Among Ulick O'Connor's prodigious literary output as biographer, playwright, literary historian and critic, he is of course a poet. Since his first book of poems Life Styles appeared in 1973 he has been writing and publishing, albeit intermittently, memorable poetry for more than four decades. His engagement with his subject matter, his deft use of form, craft and above all lyricism, define these poems and make it a pleasure to rediscover them or encounter them for a first time. In a judicious selection, they are gathered here along with his translations from numerous languages, including his exceptional renderings of Baudelaire and more recent poems that have appeared in journals over the past decade.
Ulick O'Connor's first book of poems Life Styles was published by Hamish Hamilton and Dolmen Press in 1975. He went on to write five others among them All Things Counter (1985), and One is Animate (1990). His translations of Baudelaire were published by Wolfhound Press in 1995. It received an outstanding reception and Michel Déon of Académie Francaise wrote in introducing it:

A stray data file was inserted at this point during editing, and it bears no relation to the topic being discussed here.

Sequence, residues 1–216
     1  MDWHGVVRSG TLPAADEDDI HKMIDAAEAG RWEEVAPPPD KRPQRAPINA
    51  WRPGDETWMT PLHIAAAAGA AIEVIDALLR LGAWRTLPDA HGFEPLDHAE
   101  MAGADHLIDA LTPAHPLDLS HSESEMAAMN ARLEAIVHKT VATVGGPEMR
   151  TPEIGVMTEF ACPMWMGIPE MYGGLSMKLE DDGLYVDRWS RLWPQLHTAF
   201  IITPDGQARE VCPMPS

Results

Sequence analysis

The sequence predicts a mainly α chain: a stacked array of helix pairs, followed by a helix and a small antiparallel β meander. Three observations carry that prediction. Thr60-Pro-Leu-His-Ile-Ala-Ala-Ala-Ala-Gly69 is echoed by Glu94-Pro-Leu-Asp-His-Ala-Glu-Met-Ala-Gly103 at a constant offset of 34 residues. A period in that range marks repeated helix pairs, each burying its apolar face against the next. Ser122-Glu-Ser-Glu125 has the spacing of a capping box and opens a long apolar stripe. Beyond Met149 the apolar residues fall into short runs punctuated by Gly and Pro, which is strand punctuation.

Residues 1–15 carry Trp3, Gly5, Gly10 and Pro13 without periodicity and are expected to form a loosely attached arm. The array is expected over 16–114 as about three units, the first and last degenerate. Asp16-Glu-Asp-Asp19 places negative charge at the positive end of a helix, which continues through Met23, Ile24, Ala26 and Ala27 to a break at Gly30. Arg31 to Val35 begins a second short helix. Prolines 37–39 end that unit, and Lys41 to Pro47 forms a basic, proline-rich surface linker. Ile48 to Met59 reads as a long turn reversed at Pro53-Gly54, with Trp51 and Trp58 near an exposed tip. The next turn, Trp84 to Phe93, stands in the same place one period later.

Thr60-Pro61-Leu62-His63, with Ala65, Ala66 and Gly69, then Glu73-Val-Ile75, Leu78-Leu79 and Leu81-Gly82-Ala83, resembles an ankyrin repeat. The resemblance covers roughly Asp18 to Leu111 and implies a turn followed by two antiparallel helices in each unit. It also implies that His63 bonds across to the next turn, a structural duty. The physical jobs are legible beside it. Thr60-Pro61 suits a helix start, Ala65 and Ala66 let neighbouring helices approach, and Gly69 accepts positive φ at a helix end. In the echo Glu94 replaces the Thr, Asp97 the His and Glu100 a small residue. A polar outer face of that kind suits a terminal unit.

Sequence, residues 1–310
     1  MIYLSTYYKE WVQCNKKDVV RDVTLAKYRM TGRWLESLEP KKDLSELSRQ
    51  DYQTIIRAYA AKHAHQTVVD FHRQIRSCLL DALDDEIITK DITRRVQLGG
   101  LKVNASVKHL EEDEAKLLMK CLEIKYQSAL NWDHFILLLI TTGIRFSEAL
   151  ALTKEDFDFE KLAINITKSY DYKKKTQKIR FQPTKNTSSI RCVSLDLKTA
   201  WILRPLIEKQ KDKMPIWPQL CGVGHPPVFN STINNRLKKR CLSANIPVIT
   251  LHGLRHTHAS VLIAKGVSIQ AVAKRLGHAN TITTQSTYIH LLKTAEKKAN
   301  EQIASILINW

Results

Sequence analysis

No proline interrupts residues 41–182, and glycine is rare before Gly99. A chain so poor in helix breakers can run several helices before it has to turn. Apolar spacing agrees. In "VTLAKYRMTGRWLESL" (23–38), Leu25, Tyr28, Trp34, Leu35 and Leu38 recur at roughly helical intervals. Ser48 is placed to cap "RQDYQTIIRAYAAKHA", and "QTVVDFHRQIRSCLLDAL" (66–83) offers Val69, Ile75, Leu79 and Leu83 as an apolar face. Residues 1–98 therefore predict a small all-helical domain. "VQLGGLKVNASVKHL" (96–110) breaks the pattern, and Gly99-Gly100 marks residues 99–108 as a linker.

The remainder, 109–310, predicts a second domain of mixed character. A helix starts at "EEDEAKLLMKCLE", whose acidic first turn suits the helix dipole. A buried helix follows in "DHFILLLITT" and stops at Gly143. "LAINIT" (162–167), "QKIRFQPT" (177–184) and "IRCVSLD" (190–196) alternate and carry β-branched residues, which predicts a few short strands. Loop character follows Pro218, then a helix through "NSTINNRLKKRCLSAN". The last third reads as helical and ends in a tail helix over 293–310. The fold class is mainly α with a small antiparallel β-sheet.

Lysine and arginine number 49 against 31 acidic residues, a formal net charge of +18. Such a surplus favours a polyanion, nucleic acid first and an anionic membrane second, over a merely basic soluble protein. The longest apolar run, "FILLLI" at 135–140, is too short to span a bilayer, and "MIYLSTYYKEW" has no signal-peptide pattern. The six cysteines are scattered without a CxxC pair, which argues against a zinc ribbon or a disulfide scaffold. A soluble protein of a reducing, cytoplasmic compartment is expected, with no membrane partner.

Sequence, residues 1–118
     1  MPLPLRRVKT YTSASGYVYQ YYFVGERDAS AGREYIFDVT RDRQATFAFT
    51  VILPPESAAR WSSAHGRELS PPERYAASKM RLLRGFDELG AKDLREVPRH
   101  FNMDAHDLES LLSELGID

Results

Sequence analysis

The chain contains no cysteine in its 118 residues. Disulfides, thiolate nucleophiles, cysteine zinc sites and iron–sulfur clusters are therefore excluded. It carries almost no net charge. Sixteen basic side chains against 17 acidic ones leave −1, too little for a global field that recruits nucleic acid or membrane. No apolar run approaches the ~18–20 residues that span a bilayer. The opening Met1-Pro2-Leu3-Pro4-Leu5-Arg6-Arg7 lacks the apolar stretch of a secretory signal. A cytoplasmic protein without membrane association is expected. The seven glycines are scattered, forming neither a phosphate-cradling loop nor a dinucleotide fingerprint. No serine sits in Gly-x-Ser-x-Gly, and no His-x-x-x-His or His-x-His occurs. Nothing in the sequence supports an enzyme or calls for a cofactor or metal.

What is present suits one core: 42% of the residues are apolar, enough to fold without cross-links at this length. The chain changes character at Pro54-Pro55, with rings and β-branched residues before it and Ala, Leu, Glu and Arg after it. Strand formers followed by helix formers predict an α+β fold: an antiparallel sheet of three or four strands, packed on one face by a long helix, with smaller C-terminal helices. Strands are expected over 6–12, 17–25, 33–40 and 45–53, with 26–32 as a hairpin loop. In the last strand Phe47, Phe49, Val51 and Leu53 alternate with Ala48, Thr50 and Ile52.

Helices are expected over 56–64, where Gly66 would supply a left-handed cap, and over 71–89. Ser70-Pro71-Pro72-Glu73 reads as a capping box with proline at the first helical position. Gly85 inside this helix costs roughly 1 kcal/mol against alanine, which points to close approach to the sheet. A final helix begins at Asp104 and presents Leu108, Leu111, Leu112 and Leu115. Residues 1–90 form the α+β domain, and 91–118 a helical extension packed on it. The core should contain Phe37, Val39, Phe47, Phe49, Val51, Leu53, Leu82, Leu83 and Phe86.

'The poem is reborn before our very eyes and is music to our ears, not translated but recreated. I am rendered speechless. The poet O'Connor offers to the poet Baudelaire an unparalleled "treasure".'
Ulick O'Connor is also noted for his verse plays in the Noh form. He was guest of the Japanese Government in 1995 when he went out to work with the Japanese National Theatre. His best known work in this form Deirdre was revived this year and played alongside Yeats 'Deirdre' in the National Library celebrations of the poet's work.
Ulick O'Connor's books include biographies of Oliver St. Gogarty, Brendan Behan and the highly successful Celtic Dawn, a portrait of the Irish Literary Renaissance. The Ulick O'Connor Diaries published in 2001 by John Murray London were much praised by English critics, the Times (London) comparing him to Boswell. His successes as a playwright include Execution, described by the Evening Standard as "dynamite"; Joyicity by the New York Times as "supreme", and his duo about Oscar Wilde, A Trinity of Two as "elegant, probing and beautiful" (The Stage).